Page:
I grew up in French. It’s my mother tongue, my first words were in French (“non” and “cheval” if you’re interested), and for about ten years I lived at least 70% of my life in French.
But I’ve never been to France. This is particularly ridiculous because I live in London, and I’ve been on the Eurostar several times, so I’ve been through France on my way to other countries on at least six occasions, but somehow I’ve never stopped off there.
One day I’ll go. I think part of the reason I’m holding back is that if I go I might not come back to the UK. I love hearing people speaking French around me. I love communicating in my first language. There’s a depth of feeling that I just can’t seem to access in English. But at some point I’ll just get on a train and go to France.
In the meantime I read Diane’s blog, Oui In France, and it gives me an entertaining insight into what it’s like to be an expat there. A while ago she posted about Lazenne, a company who make special suitcases for wine, and of course this sparked my interest. So I bought one.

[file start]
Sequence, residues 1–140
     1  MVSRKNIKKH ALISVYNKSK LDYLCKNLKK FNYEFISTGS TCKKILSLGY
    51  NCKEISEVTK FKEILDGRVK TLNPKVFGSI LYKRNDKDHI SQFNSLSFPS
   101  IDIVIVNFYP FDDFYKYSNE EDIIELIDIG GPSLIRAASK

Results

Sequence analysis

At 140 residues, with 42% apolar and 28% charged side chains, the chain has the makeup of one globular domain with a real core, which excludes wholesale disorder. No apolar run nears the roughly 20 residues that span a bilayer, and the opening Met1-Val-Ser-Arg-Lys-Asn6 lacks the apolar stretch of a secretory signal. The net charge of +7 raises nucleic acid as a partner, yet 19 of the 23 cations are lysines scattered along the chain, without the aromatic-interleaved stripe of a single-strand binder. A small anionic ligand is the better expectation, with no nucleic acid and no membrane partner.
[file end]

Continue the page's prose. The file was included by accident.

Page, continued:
Let’s get the disclaimers out of the way: Diane’s post is sponsored. Mine isn’t, but I did email them about their magical suitcases and I asked them for an affiliate link, which they sent me. So if you click through to Lazenne’s website from this post, I’ll earn a little bit of money from it. You won’t pay any more than you would otherwise, but Lazenne will give me a cut of the profit to thank me for sending you their way.
I guess I’ve spoiled my review by posting that picture, but oh well.
Lazenne make products that help you take wine abroad. This is particularly helpful if, like me, you’re someone who travels abroad quite often and usually ends up trying a wine and wishing you could bring it in your carry-on.
Until three weeks ago, I had never travelled with checked baggage.
The idea of having to add extra time to the end of my journey did not appeal at all. On top of which, I’d heard so many horror stories about misplaced bags that I didn’t want to risk it.